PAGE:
DIY Tips On Staying Warm This Winter

Plenty of homeowners and renters believe that they can’t stay warm while also keeping their utility bills low during winter. The truth is that it’s actually easy to live comfortably in winter while on a budget.

Beyond dressing wisely and investing in clearance or gently used thrift store afghans, quilts and other blankets for extra warmth when relaxing and sleeping, anyone can perform these following three D-I-Y steps to stay warm:

Seal Gaps Around the House

Cold air typically seeps in and hot air escapes via gaps around windows and doors, skylights, electrical outlets, vents and indoor-to-outdoor wiring spots for cable and phone lines.

A non-cracking, waterproof sealant designed for the specific spot, such as molding and trim sealant, is easy to apply and dries fast. Sealing these gaps offers the added bonus of keeping out pests like insects and mice that try to find warm shelter inside of homes.

Perform Maintenance on the Heating System

Too much dust and dirt in an HVAC system or materials pulled into a vent by a rodent or bird can block off warm air and/or damage parts that help it work at optimal levels. Old batteries in a thermostat or merely an old, poorly working thermostat can cause the system to turn off before it reaches a preset temperature.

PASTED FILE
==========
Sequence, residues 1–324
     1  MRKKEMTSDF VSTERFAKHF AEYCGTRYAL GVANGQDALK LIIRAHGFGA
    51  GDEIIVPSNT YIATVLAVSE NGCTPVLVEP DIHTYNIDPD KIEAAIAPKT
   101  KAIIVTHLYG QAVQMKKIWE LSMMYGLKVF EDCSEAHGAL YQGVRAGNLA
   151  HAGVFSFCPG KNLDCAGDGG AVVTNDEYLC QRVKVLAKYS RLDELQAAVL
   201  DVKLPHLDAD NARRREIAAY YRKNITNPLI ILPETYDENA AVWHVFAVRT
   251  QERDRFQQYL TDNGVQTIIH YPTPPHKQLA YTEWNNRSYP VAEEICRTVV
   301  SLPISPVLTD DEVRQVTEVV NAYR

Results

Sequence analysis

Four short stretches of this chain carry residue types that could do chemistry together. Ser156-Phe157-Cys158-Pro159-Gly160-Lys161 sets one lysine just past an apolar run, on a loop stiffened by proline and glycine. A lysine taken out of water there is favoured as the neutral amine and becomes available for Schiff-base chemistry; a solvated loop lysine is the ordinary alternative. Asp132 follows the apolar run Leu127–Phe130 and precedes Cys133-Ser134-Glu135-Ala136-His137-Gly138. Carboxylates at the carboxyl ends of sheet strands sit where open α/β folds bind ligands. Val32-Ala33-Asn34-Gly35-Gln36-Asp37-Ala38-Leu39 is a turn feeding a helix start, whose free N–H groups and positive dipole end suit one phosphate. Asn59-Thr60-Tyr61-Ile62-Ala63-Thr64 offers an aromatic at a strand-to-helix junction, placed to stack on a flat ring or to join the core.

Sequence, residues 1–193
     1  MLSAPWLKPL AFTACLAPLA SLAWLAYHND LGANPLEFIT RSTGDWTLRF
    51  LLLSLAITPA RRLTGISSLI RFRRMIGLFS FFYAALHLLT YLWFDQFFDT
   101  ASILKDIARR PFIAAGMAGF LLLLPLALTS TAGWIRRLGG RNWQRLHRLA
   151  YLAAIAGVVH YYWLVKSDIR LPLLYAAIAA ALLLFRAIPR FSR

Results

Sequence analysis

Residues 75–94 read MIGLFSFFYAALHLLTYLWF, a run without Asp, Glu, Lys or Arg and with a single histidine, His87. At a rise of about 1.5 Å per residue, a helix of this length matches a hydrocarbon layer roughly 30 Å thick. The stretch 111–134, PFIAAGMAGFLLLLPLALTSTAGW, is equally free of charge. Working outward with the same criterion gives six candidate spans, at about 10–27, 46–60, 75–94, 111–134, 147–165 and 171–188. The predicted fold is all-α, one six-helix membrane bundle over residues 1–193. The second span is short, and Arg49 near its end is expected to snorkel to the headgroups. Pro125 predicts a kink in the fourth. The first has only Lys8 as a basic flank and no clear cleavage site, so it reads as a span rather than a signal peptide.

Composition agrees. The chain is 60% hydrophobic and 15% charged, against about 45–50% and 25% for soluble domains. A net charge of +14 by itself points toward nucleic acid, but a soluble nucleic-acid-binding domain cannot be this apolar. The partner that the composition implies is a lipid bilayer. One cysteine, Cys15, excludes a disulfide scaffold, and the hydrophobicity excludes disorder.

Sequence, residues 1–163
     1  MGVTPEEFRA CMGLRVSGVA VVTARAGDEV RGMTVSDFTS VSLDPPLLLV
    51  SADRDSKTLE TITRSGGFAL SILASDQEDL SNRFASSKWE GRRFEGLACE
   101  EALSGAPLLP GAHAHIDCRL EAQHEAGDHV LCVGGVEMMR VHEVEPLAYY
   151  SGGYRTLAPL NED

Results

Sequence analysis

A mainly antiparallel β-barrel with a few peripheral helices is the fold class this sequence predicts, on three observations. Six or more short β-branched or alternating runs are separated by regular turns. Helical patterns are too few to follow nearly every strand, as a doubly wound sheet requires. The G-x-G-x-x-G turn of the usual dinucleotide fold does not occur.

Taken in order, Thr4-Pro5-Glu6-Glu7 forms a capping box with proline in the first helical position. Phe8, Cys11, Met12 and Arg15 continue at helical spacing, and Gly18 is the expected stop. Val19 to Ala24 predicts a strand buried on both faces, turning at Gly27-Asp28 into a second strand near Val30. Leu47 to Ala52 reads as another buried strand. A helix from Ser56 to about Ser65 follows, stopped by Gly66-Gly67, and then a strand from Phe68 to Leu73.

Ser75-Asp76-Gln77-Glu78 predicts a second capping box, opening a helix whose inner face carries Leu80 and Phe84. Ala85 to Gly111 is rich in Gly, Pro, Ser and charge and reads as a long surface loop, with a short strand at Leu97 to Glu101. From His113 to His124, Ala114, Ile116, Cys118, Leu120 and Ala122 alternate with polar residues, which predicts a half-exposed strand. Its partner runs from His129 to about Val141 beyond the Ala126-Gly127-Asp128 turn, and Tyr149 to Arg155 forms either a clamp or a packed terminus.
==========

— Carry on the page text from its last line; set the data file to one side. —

Follow the manufacturer’s instructions for cleaning the system and vents, and replace batteries every season. If the system has a classic round dial thermostat, remove it and rewire the system with a programmable digital one.

Set Up Several Portable Heaters

Portable heaters can help reduce electric bills when used as supplemental heating sources as needed. For example, instead of turning up the temperature on the furnace thermostat before taking a shower, use a portable heater to quickly heat up the space without wasting fuel on heating unused rooms. A heater can also help someone stay warm when using a shed or garage as a hobby or work space.

This list of tips is by no means a guarantee that everyone will experience lower utility bills this winter. Someone who needs summertime temps year-round for health reasons obviously might face a higher electric bill than someone who is fine with lower temps.

Other factors include the size of the structure and even the type of curtains on the windows. That said, this list can serve as a guide for dealing with the most common heat loss and comfort challenges that most people face this time of year.